She was a remarkable and independent-minded actress; he was the most admired writer of his generation, a member of the French Resistance who was living a double life in more ways than one.
More than 860 letters burning with desire from their 13-year affair conducted while Camus was married to the beautiful pianist and mathematician Francine Faure, have been brought together by his daughter.
"Their letters make the world a bigger, brighter place, the air is lighter simply because they exist," Catherine Camus wrote in the introduction to the vast 1,300-page volume, put together for his publishers, Gallimard, who played a key role in his life and tragic early death.
Casares and Camus met on 6 June, 1944, the day Allied troops landed on the Normandy beaches to begin the liberation of France.
She was 21, he 30 when they first kissed after a rehearsal for his play "The Misunderstanding".
Paris was still under Nazi occupation, and Camus, the editor of the underground newspaper Combat, was playing a deadly game of cat and mouse with the Gestapo.
But their intense affair did not survive his wife's arrival in newly liberated Paris that September. Casares gave Camus an ultimatum.
Although Camus did not believe in marriage, the Algerian-born writer chose to return to the marital bed. Despite the birth of twins, Jean and Catherine, less than a year later, his infidelity soon drove Francine to distraction and depression.
'Without you I want to die'
The writer was more preoccupied, however, with his own broken heart.
"Everywhere I turn I see the night," Camus wrote pleadingly to Casares after their split. "Without you I have lost my strength. I want to die."
Four years to the day after they first met, their paths crossed on Boulevard Saint-Germain in Paris and their passion took flight again.
They exchanged letters almost daily from then on. Sometimes they talked of their work and their friends -- "Simone Signoret had an abortion... (Yves) Montand is very down," wrote Casares in 1951.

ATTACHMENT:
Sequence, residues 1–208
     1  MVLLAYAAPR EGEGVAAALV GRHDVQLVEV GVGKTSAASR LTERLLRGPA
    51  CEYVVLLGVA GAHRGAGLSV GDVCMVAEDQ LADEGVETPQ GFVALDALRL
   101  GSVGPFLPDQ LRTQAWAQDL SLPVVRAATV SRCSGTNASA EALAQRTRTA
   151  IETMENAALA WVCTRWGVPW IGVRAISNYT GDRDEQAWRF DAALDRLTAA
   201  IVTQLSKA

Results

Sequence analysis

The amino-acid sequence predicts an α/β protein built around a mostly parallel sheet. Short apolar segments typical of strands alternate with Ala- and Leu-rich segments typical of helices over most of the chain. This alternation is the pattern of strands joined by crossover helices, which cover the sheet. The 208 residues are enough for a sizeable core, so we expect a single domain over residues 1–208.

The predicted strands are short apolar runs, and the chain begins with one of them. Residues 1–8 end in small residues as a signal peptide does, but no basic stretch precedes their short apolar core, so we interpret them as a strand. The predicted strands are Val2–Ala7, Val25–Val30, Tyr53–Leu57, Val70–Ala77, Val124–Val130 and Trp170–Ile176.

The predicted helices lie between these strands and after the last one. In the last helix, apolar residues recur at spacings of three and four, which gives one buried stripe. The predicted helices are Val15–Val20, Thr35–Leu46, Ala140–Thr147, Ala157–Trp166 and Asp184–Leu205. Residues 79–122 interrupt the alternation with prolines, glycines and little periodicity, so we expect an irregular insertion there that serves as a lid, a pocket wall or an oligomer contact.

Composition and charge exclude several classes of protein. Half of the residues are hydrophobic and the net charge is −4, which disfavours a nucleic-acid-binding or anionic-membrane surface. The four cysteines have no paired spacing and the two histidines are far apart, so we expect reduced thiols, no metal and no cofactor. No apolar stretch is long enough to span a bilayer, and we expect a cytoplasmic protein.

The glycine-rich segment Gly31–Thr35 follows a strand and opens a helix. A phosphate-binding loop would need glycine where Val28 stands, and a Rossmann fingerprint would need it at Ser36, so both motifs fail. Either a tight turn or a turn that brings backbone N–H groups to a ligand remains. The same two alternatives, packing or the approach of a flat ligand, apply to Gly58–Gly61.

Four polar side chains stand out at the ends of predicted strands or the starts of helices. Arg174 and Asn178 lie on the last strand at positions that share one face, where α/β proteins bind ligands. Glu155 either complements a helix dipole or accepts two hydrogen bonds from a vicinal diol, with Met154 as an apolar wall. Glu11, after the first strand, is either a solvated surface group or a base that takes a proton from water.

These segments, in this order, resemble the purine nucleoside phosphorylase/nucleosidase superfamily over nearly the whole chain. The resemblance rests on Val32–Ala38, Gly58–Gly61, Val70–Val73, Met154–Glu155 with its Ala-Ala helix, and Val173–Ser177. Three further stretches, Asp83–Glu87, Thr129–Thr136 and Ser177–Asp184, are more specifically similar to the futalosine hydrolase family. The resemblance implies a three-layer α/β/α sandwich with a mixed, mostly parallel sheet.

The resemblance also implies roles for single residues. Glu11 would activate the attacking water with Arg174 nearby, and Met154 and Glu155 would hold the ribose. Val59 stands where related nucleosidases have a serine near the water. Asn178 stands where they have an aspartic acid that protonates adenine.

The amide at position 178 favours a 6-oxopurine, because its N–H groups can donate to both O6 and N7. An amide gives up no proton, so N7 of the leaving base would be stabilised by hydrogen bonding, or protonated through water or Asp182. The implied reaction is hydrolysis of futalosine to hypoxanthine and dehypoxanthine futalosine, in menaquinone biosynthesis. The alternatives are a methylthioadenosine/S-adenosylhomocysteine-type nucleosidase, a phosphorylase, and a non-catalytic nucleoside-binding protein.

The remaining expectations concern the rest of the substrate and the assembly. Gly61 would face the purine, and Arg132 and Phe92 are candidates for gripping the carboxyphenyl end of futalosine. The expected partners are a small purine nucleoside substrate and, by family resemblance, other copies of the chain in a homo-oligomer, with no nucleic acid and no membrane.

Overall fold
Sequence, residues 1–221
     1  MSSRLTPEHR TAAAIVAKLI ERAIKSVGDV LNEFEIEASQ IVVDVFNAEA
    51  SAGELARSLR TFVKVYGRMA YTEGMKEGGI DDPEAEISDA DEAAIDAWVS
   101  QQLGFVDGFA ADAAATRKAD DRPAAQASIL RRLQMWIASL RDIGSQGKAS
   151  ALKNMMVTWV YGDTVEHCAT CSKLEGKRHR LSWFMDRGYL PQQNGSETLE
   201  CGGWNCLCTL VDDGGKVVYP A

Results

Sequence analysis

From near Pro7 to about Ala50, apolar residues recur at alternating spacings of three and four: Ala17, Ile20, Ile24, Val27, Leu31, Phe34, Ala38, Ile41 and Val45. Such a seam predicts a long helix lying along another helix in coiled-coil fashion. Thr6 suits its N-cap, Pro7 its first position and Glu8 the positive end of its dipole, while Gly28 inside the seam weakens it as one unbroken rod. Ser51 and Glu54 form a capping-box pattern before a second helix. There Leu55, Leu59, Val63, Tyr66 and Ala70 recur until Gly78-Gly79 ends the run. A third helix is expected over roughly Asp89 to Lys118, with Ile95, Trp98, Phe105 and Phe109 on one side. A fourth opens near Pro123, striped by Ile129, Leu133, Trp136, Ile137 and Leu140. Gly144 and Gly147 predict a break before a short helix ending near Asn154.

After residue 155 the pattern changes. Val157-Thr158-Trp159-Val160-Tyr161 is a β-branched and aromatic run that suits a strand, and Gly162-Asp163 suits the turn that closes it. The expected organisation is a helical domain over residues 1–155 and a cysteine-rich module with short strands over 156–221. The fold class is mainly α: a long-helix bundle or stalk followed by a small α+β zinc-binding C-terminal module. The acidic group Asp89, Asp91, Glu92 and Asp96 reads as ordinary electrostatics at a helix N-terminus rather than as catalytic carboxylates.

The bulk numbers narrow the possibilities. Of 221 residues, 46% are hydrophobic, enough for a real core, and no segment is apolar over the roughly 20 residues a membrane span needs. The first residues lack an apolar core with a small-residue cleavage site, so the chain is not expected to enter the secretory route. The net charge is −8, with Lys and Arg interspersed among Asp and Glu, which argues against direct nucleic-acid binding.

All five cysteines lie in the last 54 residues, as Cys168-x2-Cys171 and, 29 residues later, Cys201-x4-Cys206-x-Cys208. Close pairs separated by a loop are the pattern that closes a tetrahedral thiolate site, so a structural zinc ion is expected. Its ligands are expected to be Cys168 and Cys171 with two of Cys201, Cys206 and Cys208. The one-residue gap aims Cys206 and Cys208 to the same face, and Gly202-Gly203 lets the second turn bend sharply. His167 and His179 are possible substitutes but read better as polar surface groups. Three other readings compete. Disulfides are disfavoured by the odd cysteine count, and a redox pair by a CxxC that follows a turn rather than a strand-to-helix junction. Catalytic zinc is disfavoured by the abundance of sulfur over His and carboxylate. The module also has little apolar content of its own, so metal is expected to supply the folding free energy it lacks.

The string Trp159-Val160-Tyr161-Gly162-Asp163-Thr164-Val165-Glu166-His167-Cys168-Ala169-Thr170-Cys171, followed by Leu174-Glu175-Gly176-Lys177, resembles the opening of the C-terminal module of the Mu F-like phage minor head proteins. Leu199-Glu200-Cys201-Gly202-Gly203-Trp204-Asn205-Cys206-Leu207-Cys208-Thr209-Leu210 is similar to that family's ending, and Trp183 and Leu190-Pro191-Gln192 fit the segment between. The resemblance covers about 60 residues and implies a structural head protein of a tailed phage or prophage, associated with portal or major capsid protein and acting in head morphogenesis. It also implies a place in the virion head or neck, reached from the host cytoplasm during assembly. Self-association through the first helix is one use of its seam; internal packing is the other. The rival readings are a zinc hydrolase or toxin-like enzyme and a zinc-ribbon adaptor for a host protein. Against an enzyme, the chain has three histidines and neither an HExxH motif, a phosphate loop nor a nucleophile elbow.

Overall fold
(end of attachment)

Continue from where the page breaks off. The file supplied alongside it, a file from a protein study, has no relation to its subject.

But mostly they wrote of love, and how they longed to consumate it.
Camus called her his "little seagull", "my black trout", "my tasty one".
"I'm pacing the floor. I keep imagining the moment we close your bedroom door," he told her.
"I am boiling inside and out. Everything is burning, my soul, body, outside, inside, heart, flesh... Do you understand? Do you really understand," she told him.
"The correspondence, uninterrupted for 12 years, shows how irresistible their love was," according to Catherine Camus, and how "crazily busy" Casares was both on stage and screen in such masterpieces as Les enfants du paradis (1945).
She had fled her native Spain in 1936 with her father, who was prime minister when Francisco Franco began his military revolt against the elected republican government.
Prophetic last letter
They worked together again on Camus's play The Just Assassins in 1949, but they were often apart.
She was on a triumphant theatre tour of Argentina in 1957 when he won the Nobel Prize for literature. He immediately send her a telegram, "Never have I missed you more. Your Alonso."
His last letter to her was dated December 30, 1959, five days before his death aged 46.
"Last letter," Camus wrote prophetically, although he may have been referring to the final letter of the year, or the last one before they saw each other again.
He told her that he would be returning to Paris from his family home in Lourmarin in Provence "by road" on 4 January, although he had also bought a train ticket.
"See you soon, my superb. I am so happy at the idea of seeing you again that I laugh just writing it... I kiss you and I hold you to me until Tuesday when we will start again."
Camus never returned to Paris, dying instantly when his publisher Michel Gallimard's sports car hit a plane tree an hour south of the French capital. Gallimard died of his injuries six days later.
Casares passed away aged 74 in 1996, having married her friend, the gypsy singer Andre Schlesser, who comforted her after Camus's death.
- with AFP